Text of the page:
The assessment of present-day stresses and pore pressures in a prolific onshore hydrocarbon bearing field located in the southern Cambay Basin, western India, is conducted through the development of a comprehensive geomechanical model. A-C quality wellbore breakouts, inferred from the available four-arm caliper logs and anisotropy analyses of dipole shear sonic logs, indicate a NE (N40°E to N50°E) azimuth for maximum horizontal stress (SHMax). Pore pressure characterisation reveals mild overpressure in the Lower Eocene Shale caused by disequilibrium compaction resulting from high sedimentation rates. Vertical stress (Sv) was derived from density logs, and a poroelastic strain model was employed to quantify the minimum (Shmin) and maximum horizontal stress components (SHMax), being later validated with leak-off tests. Based on the relative magnitudes of three principal in-situ stress components, post-rift strata (Upper Eocene and younger) reveal a normal faulting regime (Sv > SHMax > Shmin), whereas a normal fault to strike-slip faulting (SHMax ≥ Sv > Shmin) transition is observed in the syn-rift unit (Lower Eocene and older). The Mohr-Coulomb rock failure criterion was utilised to depict the shear failure gradient to prevent wellbore instability, and results were validated with caliper logs. We have also analysed the fault reactivation potential at reservoir level using frictional fault theory and stress polygons. The results indicate that a minimum of 31% increase in pore pressure by fluid injection and hydraulic fracturing treatment can cause shear slippage of critically oriented faults, resulting in induced seismicity. Our study has helped to understand the interplay between stress states and pore fluid pressure and their impact on reservoir development, drilling and completion design, and fault stability analysis in any given oil and gas field.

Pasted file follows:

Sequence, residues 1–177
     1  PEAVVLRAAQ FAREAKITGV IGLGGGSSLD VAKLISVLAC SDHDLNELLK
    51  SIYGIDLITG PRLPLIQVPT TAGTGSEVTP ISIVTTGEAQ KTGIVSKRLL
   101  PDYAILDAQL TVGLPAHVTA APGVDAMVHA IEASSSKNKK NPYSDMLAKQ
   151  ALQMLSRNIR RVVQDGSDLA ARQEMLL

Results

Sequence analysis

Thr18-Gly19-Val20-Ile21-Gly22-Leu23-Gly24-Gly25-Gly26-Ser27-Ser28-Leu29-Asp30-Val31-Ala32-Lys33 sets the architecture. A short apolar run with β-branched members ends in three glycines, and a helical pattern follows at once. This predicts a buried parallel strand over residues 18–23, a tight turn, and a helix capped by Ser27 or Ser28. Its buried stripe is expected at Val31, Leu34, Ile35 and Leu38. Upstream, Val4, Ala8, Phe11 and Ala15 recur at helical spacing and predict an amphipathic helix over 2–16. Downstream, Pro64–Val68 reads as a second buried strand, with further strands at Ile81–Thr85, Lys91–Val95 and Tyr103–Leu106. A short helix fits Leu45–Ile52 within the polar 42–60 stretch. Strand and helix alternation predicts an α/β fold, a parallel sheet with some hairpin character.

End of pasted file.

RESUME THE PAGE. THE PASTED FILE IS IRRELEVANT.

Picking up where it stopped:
Shib Sankar Gangulia,∗, Souvik Sen; Marine and Petroleum Geology 118 (2020) 104422; https://doi.org/10.1016/j.marpetgeo.2020.104422